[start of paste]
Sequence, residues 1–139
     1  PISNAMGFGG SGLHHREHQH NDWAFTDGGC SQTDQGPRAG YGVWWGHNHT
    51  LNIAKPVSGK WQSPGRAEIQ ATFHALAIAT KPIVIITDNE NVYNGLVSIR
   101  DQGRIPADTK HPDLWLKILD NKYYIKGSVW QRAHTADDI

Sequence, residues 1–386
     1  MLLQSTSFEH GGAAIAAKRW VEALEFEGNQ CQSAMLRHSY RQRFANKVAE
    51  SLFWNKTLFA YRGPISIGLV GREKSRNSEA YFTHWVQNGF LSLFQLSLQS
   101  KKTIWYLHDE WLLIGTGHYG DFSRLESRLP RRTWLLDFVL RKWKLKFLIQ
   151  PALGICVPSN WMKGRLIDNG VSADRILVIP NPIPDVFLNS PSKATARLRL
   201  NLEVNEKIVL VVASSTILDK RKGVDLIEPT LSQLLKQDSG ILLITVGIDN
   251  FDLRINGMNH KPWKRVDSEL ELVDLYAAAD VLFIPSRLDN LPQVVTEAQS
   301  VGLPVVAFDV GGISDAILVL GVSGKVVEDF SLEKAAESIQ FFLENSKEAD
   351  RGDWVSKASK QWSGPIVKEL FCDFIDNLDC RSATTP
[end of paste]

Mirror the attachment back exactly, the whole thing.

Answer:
Sequence, residues 1–139
     1  PISNAMGFGG SGLHHREHQH NDWAFTDGGC SQTDQGPRAG YGVWWGHNHT
    51  LNIAKPVSGK WQSPGRAEIQ ATFHALAIAT KPIVIITDNE NVYNGLVSIR
   101  DQGRIPADTK HPDLWLKILD NKYYIKGSVW QRAHTADDI

Sequence, residues 1–386
     1  MLLQSTSFEH GGAAIAAKRW VEALEFEGNQ CQSAMLRHSY RQRFANKVAE
    51  SLFWNKTLFA YRGPISIGLV GREKSRNSEA YFTHWVQNGF LSLFQLSLQS
   101  KKTIWYLHDE WLLIGTGHYG DFSRLESRLP RRTWLLDFVL RKWKLKFLIQ
   151  PALGICVPSN WMKGRLIDNG VSADRILVIP NPIPDVFLNS PSKATARLRL
   201  NLEVNEKIVL VVASSTILDK RKGVDLIEPT LSQLLKQDSG ILLITVGIDN
   251  FDLRINGMNH KPWKRVDSEL ELVDLYAAAD VLFIPSRLDN LPQVVTEAQS
   301  VGLPVVAFDV GGISDAILVL GVSGKVVEDF SLEKAAESIQ FFLENSKEAD
   351  RGDWVSKASK QWSGPIVKEL FCDFIDNLDC RSATTP